In the transition to a state of net-zero emissions of greenhouse gases, citizens are supposed to play a much larger role, including as self-consumers and participants in energy communities. As a result of this increasingly participatory role of citizens in the energy system, the new concept of energy citizenship has emerged in recent years. Around this term, we can also find emerging trends/ patterns that can relate to: (i.) the active participation in the energy market, such as the concept of prosumerism, smart technologies, etc., (ii.) behavioral attributes of citizens, (iii.) individual lifestyle changes, (iv.) collective initiatives and expressions of energy citizenship, and (v.) political activities. This report identifies the following trends/ patterns:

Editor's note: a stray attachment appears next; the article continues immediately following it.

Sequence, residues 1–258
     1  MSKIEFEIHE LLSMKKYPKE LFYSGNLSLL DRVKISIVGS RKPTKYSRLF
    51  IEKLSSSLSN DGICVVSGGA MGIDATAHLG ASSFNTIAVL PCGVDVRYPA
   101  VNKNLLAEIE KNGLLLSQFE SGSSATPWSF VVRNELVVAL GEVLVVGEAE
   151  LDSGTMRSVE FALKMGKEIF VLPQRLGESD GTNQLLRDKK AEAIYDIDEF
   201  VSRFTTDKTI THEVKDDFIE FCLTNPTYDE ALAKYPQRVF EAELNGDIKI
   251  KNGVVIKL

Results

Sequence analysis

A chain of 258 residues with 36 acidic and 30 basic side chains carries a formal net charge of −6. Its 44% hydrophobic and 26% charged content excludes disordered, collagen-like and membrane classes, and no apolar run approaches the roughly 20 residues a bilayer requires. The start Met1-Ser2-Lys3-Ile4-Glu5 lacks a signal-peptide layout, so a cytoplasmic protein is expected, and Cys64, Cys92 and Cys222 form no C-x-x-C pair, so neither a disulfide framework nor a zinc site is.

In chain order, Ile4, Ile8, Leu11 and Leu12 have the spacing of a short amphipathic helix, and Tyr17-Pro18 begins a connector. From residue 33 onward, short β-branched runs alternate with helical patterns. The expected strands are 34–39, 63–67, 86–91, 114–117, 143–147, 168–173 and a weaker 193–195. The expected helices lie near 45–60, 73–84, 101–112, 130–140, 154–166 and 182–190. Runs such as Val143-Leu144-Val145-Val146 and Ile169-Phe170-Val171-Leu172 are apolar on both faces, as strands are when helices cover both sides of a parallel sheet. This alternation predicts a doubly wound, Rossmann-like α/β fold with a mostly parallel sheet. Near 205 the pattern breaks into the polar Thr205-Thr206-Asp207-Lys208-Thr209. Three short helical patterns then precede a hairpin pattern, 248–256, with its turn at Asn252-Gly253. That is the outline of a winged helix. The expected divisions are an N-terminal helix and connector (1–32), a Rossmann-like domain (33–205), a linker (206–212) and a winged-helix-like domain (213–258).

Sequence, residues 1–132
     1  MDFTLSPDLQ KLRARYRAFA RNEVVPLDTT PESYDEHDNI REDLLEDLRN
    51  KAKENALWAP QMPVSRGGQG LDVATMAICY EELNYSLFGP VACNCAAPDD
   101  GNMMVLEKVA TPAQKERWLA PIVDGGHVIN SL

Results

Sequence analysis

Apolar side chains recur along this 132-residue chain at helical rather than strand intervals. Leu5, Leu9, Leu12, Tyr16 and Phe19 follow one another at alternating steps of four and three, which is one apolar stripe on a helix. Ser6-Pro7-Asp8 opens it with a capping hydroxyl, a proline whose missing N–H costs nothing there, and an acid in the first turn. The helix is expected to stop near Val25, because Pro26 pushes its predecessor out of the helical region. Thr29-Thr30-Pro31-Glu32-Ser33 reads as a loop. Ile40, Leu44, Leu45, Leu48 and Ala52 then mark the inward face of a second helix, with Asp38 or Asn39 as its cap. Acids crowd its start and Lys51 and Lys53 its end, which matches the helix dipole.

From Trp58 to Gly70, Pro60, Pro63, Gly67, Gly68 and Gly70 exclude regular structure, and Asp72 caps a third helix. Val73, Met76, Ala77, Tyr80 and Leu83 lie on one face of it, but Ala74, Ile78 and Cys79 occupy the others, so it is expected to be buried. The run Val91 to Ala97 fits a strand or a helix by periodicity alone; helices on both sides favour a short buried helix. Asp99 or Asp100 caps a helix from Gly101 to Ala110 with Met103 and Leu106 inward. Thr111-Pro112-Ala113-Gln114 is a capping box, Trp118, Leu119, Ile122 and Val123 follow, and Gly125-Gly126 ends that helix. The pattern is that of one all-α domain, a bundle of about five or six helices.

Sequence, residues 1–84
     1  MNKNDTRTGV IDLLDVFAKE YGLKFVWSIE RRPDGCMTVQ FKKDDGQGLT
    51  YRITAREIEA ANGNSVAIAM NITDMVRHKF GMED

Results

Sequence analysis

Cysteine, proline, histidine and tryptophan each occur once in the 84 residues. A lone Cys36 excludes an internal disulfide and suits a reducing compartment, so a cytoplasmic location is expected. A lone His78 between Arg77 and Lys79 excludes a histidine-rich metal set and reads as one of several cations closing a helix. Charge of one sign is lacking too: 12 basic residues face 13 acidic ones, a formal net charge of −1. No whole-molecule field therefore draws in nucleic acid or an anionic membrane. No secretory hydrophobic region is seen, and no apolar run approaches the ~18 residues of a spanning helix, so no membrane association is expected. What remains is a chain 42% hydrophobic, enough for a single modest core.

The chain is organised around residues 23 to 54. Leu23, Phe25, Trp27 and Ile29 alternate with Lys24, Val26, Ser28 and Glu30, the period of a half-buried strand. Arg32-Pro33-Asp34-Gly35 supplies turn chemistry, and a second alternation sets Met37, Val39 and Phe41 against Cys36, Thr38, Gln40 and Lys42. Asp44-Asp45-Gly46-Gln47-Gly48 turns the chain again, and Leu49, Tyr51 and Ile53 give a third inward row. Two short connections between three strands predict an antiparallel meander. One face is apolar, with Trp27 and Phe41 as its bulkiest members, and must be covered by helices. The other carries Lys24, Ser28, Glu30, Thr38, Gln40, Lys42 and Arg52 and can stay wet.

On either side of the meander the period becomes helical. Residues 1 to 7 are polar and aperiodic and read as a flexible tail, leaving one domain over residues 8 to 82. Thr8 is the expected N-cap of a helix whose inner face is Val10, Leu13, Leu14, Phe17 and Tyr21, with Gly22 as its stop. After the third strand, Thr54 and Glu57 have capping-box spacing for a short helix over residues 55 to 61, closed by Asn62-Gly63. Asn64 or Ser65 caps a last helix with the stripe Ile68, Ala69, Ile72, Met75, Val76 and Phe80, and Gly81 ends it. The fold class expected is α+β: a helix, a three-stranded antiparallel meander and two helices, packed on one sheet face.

- Formation of energy communities;
- Establishment of eco-villages;
- Lifestyle changes;
- Energy efficiency measures;
- Citizens’ behavior;
- Preferences towards RES;
- Participation in energy transition movements;
- Participation in energy sector planning and decision-making.
The process of decision-making on climate and energy policy is a challenging task, which is affected by an important number of internal and external factors that influence the dynamics of the energy system. It is critical to investigate and understand how a specific policy instrument affects various sectors and to employ model-based scenarios to examine potential environmental and energy-related trends influenced by uncertain dynamics.